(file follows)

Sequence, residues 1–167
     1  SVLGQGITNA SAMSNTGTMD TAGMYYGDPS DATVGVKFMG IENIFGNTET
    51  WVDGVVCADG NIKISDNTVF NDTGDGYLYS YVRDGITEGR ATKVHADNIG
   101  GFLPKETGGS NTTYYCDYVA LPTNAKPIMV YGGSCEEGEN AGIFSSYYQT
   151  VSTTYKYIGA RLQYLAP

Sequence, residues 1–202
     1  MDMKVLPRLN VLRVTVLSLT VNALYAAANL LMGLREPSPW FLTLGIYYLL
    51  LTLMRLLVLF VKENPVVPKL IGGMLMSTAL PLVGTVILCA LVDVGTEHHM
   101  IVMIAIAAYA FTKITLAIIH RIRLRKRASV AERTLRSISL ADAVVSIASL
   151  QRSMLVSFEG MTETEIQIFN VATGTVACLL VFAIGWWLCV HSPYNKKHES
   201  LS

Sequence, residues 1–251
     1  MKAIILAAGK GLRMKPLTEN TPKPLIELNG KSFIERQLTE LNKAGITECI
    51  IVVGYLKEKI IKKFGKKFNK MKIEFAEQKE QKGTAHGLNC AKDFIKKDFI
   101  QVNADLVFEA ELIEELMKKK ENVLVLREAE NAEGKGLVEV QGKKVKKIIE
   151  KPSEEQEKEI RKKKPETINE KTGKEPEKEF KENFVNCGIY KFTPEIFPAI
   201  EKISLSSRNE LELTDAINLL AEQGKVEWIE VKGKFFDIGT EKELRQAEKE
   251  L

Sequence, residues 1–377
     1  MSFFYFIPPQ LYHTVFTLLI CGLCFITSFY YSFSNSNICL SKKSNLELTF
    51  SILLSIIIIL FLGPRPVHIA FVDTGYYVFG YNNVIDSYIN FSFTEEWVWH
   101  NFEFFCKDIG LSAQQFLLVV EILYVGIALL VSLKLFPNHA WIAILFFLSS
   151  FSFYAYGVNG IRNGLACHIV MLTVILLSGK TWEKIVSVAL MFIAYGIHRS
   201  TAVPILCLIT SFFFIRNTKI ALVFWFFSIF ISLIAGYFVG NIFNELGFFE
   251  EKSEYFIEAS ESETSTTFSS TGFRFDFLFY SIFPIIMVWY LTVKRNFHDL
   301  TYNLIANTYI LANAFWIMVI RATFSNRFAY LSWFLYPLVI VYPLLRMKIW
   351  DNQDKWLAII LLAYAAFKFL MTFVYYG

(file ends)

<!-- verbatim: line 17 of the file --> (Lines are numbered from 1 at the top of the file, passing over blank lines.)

   201  EKISLSSRNE LELTDAINLL AEQGKVEWIE VKGKFFDIGT EKELRQAEKE